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stirring the lees with james molesworth

What Do Clos des Papes, Joh. Jos. Prüm and Château Tertre Roteboeuf Have in Common?

Photo by: David Yellen

Posted: Jan 11, 2007 1:43pm ET

So Tony Gwynn and Cal Ripken, Jr. got into the Hall of Fame this week. I doubt there's anyone who denies they deserve it. They were both clearly megastars during their long playing careers, and are, by all accounts, upstanding citizens as well.

Meanwhile Mark McGwire, seventh on the all-time home run list, got a resounding "NO" in his first time on the ballot, with a percentage so low, it bodes poorly for his chances of ever becoming a Hall of Famer.

Gwynn, Ripken and McGwire can certainly be made into a wine analogy. There are wines that have great track records for 20 years, while others that flame in and out for just a few. There are wines that bat .310 every season, but with little power, while others are like the Mighty Casey—hitting homers and striking out with equal frequency.

For me, my Ripken wine has to be Clos des Papes, which I have back to '90. At its current rate, it might hit 2,632 consecutive outstanding vintages.

My Tony Gwynn is the Joh. Jos. Prüm Wehlener Sonnenuhr—I have the auslese back to '95, along with some spätlesen and gold cap bottlings. Anything from Manfred Prüm is a sweetly stroked, two-out RBI, opposite-field single every time.

My McGwire? Probably the '00 Château Tertre Roteboeuf, a property whose wines I'd never purchased before that, and haven't bought since. I don't know how the '00 got so good, so quickly, and I'm not sure I want to know.

So, which wines do you put in your cellar year in and year out? And which wines have you cherry picked when they had a career year?

Jason Thompson
Foster City, CA —  January 11, 2007 8:28pm ET
Great blog. Interesting way to look at one hit wonders vs consistant producers. I add wines from Kistler, WH Smith, Kosta Browne, JJ Prum, Concha y Toro (Melchor), Spottwoode, Caymus, Beringer, Rosenblum, Pine Ridge, Pride and others year in and year out. They never seem to disappoint, even in off years.The wines that have had one hit wonders to me are the 1996 E.J. Gallo Reserve (wonderful wine that I stocked up on after trying a bottle blind), 1999 Whitehall Lane (never been the same since), Marquis Phillips (great while they lasted), Domaine Alfred (not enough track record yet), Crocker & Starr Sauv Blanc (the greatest I have ever had and then...average), Every Silver Oak vintage since 1997ish and many many more.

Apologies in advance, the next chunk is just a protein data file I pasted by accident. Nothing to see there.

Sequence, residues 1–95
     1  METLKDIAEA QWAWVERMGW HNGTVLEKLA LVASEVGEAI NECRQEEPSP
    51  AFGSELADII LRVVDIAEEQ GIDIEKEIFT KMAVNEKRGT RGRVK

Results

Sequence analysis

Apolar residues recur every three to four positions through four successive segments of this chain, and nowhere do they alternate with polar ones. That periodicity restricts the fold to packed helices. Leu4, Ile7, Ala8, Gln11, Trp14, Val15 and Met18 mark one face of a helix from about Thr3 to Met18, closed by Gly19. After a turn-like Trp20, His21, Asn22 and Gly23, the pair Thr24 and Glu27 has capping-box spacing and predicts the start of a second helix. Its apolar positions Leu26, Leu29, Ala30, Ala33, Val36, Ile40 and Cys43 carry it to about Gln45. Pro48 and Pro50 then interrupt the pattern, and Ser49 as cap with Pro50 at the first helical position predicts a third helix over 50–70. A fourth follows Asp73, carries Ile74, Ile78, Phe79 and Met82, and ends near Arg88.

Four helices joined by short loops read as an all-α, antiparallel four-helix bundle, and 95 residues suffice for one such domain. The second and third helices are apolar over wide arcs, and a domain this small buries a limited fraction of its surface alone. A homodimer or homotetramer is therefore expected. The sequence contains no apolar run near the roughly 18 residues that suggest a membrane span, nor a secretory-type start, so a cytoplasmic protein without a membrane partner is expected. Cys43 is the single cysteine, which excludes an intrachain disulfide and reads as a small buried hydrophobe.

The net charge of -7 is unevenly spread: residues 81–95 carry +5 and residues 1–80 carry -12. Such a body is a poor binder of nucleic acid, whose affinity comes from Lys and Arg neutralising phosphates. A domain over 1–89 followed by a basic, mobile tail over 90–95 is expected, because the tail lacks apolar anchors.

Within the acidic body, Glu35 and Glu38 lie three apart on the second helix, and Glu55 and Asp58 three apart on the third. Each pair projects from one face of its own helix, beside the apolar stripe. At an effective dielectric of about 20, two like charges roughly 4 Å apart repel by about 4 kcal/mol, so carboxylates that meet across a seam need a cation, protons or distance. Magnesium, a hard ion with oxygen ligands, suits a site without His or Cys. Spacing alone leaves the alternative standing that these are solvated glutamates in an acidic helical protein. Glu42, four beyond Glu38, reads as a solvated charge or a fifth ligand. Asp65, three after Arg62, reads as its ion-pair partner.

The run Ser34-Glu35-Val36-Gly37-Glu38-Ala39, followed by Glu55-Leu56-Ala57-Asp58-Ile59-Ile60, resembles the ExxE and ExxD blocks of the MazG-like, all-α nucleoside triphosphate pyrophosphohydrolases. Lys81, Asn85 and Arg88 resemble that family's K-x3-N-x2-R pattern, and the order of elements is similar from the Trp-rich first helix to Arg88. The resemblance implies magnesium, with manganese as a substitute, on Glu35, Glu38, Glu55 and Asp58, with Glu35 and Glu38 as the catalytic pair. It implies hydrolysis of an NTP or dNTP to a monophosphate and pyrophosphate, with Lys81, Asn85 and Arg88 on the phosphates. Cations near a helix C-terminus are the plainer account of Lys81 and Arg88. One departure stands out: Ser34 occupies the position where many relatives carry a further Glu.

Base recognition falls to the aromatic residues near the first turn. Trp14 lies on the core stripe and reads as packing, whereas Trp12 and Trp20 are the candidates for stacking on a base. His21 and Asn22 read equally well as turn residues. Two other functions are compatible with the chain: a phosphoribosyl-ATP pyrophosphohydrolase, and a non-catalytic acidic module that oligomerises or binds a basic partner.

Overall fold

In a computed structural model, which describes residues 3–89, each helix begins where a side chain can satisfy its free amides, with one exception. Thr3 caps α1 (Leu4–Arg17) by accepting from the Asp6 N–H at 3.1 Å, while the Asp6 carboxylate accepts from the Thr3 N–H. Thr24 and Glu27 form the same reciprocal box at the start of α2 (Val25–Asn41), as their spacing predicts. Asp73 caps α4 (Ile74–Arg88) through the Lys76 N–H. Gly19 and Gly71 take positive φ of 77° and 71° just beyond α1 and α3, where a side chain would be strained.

Dan Rote
lancaster, pa —  January 11, 2007 9:41pm ET
I dont know how to put it any more simple...I have never drank wine! Period!! The references to me in anybodys blog is absolutely false! Sincerely, Raphael Palmero
James Peterson
San Antonio, Texas —  January 12, 2007 10:33am ET
James, you couldn't be more right about the Pr¿m wines. I am privileged to call them friends, and I recently sat and drank the 2005 Wehlener Sonnenuhr Spatlese with them. Wow. Get ready for the 2006, though, because there is no Wehlener Sonnenuhr Spatlese (my perennial favorite) in what turned out to be a strange (but very good as usual) vintage. But only a single though? I believe Manfred's wines are more like inside-the-park homeruns--before you know what's happened you've reached home plate (an empty bottle). - Jim
Stephen Symchych
Boston, MA —  January 12, 2007 12:22pm ET